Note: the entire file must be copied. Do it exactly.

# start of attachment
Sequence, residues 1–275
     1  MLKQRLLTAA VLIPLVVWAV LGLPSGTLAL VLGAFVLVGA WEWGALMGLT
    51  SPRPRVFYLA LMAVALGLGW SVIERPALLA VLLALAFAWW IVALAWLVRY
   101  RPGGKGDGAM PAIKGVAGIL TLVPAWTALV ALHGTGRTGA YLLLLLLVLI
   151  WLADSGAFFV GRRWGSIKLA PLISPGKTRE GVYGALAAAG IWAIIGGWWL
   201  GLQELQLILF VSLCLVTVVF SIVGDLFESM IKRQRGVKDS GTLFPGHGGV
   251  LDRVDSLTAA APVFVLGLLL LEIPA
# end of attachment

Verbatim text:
Sequence, residues 1–275
     1  MLKQRLLTAA VLIPLVVWAV LGLPSGTLAL VLGAFVLVGA WEWGALMGLT
    51  SPRPRVFYLA LMAVALGLGW SVIERPALLA VLLALAFAWW IVALAWLVRY
   101  RPGGKGDGAM PAIKGVAGIL TLVPAWTALV ALHGTGRTGA YLLLLLLVLI
   151  WLADSGAFFV GRRWGSIKLA PLISPGKTRE GVYGALAAAG IWAIIGGWWL
   201  GLQELQLILF VSLCLVTVVF SIVGDLFESM IKRQRGVKDS GTLFPGHGGV
   251  LDRVDSLTAA APVFVLGLLL LEIPA